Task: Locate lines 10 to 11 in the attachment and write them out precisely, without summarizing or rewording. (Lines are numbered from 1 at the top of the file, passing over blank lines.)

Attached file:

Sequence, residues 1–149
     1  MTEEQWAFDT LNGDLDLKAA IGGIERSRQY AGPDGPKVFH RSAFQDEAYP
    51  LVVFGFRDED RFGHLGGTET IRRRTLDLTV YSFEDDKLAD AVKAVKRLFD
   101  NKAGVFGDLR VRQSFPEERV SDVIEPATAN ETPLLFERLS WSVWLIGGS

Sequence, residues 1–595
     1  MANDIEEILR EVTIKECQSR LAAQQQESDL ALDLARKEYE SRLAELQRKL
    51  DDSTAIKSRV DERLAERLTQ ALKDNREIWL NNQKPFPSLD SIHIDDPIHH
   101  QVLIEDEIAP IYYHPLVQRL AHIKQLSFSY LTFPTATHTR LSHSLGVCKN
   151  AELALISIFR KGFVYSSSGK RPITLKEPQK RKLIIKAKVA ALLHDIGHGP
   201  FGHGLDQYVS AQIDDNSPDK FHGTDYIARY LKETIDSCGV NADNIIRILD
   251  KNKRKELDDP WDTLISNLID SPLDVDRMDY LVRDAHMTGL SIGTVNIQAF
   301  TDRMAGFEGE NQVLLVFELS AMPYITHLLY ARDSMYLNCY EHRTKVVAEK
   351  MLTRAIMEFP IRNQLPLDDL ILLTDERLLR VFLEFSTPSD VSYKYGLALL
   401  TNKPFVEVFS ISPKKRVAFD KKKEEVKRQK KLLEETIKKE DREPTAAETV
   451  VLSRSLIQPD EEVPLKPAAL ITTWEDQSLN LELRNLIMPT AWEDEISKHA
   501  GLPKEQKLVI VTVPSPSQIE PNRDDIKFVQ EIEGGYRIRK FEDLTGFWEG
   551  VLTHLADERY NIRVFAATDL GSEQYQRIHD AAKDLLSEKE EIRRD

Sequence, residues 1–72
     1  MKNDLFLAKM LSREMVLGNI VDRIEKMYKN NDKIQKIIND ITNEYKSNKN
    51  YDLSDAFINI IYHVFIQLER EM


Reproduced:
   201  FGHGLDQYVS AQIDDNSPDK FHGTDYIARY LKETIDSCGV NADNIIRILD
   251  KNKRKELDDP WDTLISNLID SPLDVDRMDY LVRDAHMTGL SIGTVNIQAF